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Bark (noun): Tough protective covering of the woody stems of trees
Popcorn + Peanut Bark (noun): Delicious dark chocolate covering that protects buttery, salty, freshly popped popcorn and peanuts
Bark (verb): to speak in an unfriendly tone when it’s all gone
Now that Halloween is over and the holidays are right around the corner, are you starting to panic? Is your heart racing and blood pressure sky-rocketing? This disorder may have everything to do with the fact that you haven’t a clue which direction to go as far as holiday gifts are concerned. Relax and take a deep breath — I am going to make your gift-giving very easy this year.
Gifts of food, especially sweet ones, speak volumes to your friends and family. Everyone on your list will feel special.
I was a chubby, young kid when my Mom decided to make everyone on her holiday gift list peppermint candy cane-white chocolate bark, the inspiration for this post. My Mother had zero kitchen skills, but she thought this would be a fun project for my brother, Stephen, and me. Keep in mind, this is the same mom that wanted to turn our kitchen into a library — enough said. That first year we had every neighbor that could boil water helping us, all jammed into our small kitchen. Everyone had his or her job; mine was unwrapping candy canes — boxes and boxes of candy canes. They were so difficult to unwrap by hand that I ended up using my front teeth. That taste of peppermint was so strong that every time I eat peppermint now, I’m five years old again.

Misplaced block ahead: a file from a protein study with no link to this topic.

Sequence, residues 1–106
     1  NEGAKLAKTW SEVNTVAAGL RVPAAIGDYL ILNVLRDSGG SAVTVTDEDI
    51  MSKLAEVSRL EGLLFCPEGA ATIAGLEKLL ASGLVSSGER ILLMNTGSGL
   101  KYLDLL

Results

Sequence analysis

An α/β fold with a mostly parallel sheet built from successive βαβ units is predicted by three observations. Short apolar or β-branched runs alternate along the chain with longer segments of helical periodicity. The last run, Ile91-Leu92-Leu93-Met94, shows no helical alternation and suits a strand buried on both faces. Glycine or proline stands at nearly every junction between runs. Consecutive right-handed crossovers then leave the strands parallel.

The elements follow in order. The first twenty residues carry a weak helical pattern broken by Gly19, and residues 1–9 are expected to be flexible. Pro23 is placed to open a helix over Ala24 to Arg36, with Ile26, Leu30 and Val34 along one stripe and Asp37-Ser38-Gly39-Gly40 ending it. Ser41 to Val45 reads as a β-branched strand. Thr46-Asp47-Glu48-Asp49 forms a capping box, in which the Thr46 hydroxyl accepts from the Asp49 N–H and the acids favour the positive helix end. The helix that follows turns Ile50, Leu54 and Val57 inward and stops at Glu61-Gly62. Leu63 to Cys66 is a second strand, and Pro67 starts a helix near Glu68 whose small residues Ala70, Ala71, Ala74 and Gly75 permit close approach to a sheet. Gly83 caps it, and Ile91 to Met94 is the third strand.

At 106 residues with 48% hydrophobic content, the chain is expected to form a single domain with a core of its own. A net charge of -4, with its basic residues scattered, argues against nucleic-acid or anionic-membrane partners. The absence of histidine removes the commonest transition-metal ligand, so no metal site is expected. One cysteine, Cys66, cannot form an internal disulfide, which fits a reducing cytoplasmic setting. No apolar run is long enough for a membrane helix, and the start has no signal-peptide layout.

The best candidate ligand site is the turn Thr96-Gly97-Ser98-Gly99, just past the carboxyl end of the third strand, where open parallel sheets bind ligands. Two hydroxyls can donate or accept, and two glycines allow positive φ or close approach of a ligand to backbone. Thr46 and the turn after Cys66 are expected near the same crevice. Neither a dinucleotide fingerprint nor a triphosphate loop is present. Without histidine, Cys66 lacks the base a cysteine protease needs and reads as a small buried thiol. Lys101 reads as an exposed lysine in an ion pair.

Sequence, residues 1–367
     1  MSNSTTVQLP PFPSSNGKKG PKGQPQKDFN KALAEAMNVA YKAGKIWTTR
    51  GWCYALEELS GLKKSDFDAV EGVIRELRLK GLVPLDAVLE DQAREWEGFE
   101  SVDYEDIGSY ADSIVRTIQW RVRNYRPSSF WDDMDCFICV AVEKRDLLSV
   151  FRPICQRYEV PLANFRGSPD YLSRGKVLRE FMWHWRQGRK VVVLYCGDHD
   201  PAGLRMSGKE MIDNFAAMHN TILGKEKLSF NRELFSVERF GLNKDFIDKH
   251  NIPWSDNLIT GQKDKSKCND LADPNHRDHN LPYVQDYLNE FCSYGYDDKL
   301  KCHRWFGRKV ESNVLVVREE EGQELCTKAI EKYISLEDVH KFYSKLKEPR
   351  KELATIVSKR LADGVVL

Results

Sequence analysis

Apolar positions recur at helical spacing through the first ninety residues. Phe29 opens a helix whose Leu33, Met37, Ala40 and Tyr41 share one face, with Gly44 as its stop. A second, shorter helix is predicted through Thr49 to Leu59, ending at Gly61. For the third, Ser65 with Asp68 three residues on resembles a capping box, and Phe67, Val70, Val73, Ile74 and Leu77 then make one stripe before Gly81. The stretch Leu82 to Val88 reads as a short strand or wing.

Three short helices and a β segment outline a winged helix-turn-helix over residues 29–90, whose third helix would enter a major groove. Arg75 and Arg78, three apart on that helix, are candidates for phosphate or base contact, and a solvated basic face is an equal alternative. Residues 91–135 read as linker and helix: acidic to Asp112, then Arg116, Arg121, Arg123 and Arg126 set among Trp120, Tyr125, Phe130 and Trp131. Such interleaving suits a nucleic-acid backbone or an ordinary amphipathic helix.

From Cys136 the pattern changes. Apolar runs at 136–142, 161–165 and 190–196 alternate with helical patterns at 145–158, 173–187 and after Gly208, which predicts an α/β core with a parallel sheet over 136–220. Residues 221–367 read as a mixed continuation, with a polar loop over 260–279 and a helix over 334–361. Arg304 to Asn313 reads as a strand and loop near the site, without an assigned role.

That experience was so wonderful that I try to recreate it every year, only now I use ingredients like pink peppercorns, popcorn and espresso beans.
Chocolate bark evokes a feeling of a simpler time when handcrafted gifts of food were the norm. I believe everything tastes better with chocolate, whether it’s gracefully sitting on top of or enrobing a slab of yumminess.
In my cookbook, Baking Out Loud, I share a quick and super easy recipe for Popcorn + Peanut Bark (click here for the recipe). This is just the tip of the culinary iceberg, as they say. There are endless possibilities when it comes to bark. Below are some cool ideas. Use these as a starting point for your own creations:
The rule of thumb when making bark is simple: melt a chocolate of your choice (I love bittersweet), pour about a 1/2-inch-thick layer on a lined sheet pan, and generously distribute dried fruits, nuts, seeds and even popcorn on top. Chill until super firm, about 1 hour. Once cold, break into manageably sized pieces.
For the white chocolate lovers out there, this is the perfect holiday canvas. Try a combination of lightly toasted pistachios, dried cranberries and cherries topped off with crushed pink peppercorns. This screams holiday with the green and red.
If you love milk chocolate, try sprinkling cocoa nibs, espresso beans and coarsely chopped, toasted hazelnuts.
For the die-hard dark chocolate lover, go with brightly colored dried fruits such as cherries or mangoes. For an exotic bark, try using apricots, dates, figs, almonds or pistachios.
Load the finished pieces into cool jars, such as canning, ball or apothecary jars. Wrap with colorful ribbon or raffia, and attach candy canes or small Christmas ornaments. And there you go. Instant hostess gifts.
Reminder: Make extra for your family or the gifts may disappear and the jars will be found months later under the beds in your house!
Hedy Goldsmith, a 2012 James Beard Award finalist for Outstanding Pastry Chef, is the executive pastry chef for the Genuine Hospitality Group of restaurants including Michael’s Genuine Food & Drink in Miami and Grand Cayman, and Harry’s Pizzeria in Miami. Now in her second season of Cooking Channel’s Unique Sweets, Hedy has appeared on Food Network’s The Best Thing I Ever Ate and lauded in The New York Times, People, Wine Spectator, Bon Appétit, The Huffington Post and Food & Wine magazine. Hedy’s first cookbook, Baking Out Loud: Fun Desserts with Big Flavors (Clarkson Potter / Publishers), is now available.